The following is an old post. It has been updated but it is still old. A new post on this topic can be found here -- Pickles: Not made in Ontario. In early 2016, I got a call from a budding journalist about this seven-year-old post. In preparing to chat with this young student, I did some more digging. The passing of time has shown the problem is not as simple as India-can-make-it-for-less. This is a bigger story, a better story, and I will have to put together another post to update this. I tried to update the old post but I think it best to leave it as it is. Let's leave a clear "paper" trail.
Let's be clear, this is not a blanket rant against international trade. But, there are products — like pickles — being imported in quantity into Ontario, where the importing seems at the very least unnecessary and at the very worst damaging to Ontario's farm economy.
Pickles are not expensive. How much is saved by buying pickles offshore and in turn closing local processing plants which support local growers and employ Ontario workers?
Over the weekend (written spring 2009) my wife bought a jar of President's Choice pickles from Canada's family-owned grocery store chain: Loblaws. Turning over the jar I was surprised to see that Galen Weston's company had outsourced his store brand of Zesty Garlic pickles to India.
A quick check of the Web revealed that outsourcing pickle production to India is not restricted to Loblaw's house brands. I found a number of examples of pickles from India being marketed in North America. For instance, Steinfeld's Kosher pickles, the label claims 'Quality Since 1922', were being made in India in 2009. (Since writing this piece, this post has been hit by folk all over the world. This is not something that just concerns North Americans.)
I learned from the web that in the American northwest an Oregon pickle processing plant closed, throwing 88 people out of work and hurting the local growers who were suppliers to the plant. The Nalley pickles shamelessly continued to brag they were the "Great Taste of the Northwest" despite having moved production to India.
Update: This weekend, early August 2009, I picked up a jar of Strub's. It was a new kind of Strub's for me, one that I had never encountered before. Intrigued, I picked up the large bottle and turned it in my hand: Made in India.
The outsourcing of our North American pickle production can be traced to the advantages of scale; the Indian plants are huge. Plus, the Indian plants pay only about $80 a ton for their cukes, while in North America Strub's reportedly must pay about $900 for Ontario-grown baby dill-sized pickles. For this reason not even Strub's can resist the pull of outsourcing, although their core product line is still being produced in Brantford, Ontario. [Since writing this, this has changed.]
When I left home decades ago, one of the first products to go into my fridge after beer was a jar of Strub's pickles. Even today when I make a hamburger, it's two strips of thin-sliced Strub's that I lay across the grilled paddy.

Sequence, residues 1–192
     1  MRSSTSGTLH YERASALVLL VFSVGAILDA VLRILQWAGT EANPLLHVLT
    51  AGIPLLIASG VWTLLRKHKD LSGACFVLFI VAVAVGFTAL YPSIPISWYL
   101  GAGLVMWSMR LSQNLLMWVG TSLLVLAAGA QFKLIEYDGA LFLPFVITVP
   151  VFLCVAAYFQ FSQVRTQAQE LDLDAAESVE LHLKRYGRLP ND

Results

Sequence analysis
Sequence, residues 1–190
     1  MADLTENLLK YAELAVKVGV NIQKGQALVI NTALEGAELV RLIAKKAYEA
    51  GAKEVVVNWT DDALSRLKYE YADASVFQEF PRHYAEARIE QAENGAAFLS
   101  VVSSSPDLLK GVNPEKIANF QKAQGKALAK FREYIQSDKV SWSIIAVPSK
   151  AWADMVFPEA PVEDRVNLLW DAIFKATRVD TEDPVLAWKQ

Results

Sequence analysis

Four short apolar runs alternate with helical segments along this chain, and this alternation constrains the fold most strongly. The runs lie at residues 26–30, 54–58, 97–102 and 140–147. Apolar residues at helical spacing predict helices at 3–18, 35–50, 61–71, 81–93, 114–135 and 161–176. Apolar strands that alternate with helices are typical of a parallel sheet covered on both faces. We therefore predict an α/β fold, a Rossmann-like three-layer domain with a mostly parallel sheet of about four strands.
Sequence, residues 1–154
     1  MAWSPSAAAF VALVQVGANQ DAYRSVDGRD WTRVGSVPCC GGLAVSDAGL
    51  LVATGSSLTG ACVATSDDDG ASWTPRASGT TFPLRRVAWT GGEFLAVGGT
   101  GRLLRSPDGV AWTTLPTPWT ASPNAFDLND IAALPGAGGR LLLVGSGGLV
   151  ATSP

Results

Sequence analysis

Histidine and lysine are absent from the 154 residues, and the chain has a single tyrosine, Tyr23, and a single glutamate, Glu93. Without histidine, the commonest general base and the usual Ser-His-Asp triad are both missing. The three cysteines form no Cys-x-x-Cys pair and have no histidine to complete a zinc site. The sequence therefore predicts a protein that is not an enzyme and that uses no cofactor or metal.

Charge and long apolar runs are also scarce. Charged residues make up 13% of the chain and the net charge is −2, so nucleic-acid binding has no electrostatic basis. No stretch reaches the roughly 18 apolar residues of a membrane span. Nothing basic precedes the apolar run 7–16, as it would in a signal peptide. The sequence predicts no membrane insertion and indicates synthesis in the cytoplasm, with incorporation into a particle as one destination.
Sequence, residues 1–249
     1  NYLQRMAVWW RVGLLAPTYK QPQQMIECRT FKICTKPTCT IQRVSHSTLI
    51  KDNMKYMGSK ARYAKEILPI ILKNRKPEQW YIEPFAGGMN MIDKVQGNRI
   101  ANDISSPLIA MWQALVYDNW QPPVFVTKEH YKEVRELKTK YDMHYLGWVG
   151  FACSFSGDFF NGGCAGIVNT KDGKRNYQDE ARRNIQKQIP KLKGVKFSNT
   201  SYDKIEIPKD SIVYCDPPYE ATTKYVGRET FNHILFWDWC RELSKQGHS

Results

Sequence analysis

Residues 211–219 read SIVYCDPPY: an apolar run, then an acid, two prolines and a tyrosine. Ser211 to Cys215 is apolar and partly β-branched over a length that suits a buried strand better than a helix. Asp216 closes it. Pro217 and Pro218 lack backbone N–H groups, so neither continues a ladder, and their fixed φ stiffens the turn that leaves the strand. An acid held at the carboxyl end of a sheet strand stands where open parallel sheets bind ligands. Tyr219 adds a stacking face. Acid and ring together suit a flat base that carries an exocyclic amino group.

Back in the spring, I bragged how Strub Brothers was one of the few companies in Canada still making traditional, barrel-fermented kosher pickles. Their pickled banana peppers were special, relying on hot banana pepper varieties for their heat rather than the simple addition of capsicum to sweet banana pepper varieties.
The southern Ontario producer still had a great product line going back eight decades. Their Full Sour Kosher Dills were first made by Sophie Strub in 1929. These were the pickles you would have found in my fridge back in the '70s. I imagine Sophie Strub would be surprised to see the family name on pickles made in India. On the other hand, I'm sure Sophie understood business and would grasp the pressures bringing Indian pickles to the North America market.
We have lost so many of the canning and processing plants for Ontario-grown fruits and vegetables that it is more than sad; it is frightening. Those plants were once so common throughout southern Ontario. We've lost plants, lost employment, lost farms, lost farmland.
When I first wrote this post, Strubs still supported about 30 Ontario cucumber growers using hundreds of field workers to handpick the cucumbers — Ontario was one of the last handpicked growing regions left in North America. The grading station, located south of Tillsonburg was a source of local employment and the Strub's processing plant in Brantford employed another 120 local workers during peak season.
Yesterday I picked up some Strub's pickles in a local store, they were produced by Whyte Pickles in Quebec.
It is too late for an Ontario peach war (my last can of peaches came from South Africa) or an apple battle (would you believe China) and now the battle for the Ontario pickle seems to have been lost.
A comment drew my attention to the closure of all Bick's production in Canada. Bick's was started in Ontario in the middle of the Second World War. Today, it is owned by the American food giant J. W. Smucker and all production has been moved to the States. I blogged on this loss. See the link.
And today, June 2012, I've learned that Strubs pickles are not made by the Strub clan and haven't been for a few years. The present owners of the Strub brand may be forced to halt production. If the Strub name survives it may end up as part of a Quebec pickle business. Read more here: Pickles not made in Canada.
Clearly, the battle is being lost. Canada is losing jobs everywhere. The folk in Ontario can't even make a pickle. The work is shifting to Quebec or Ohio or even India. Very sad and very frightening.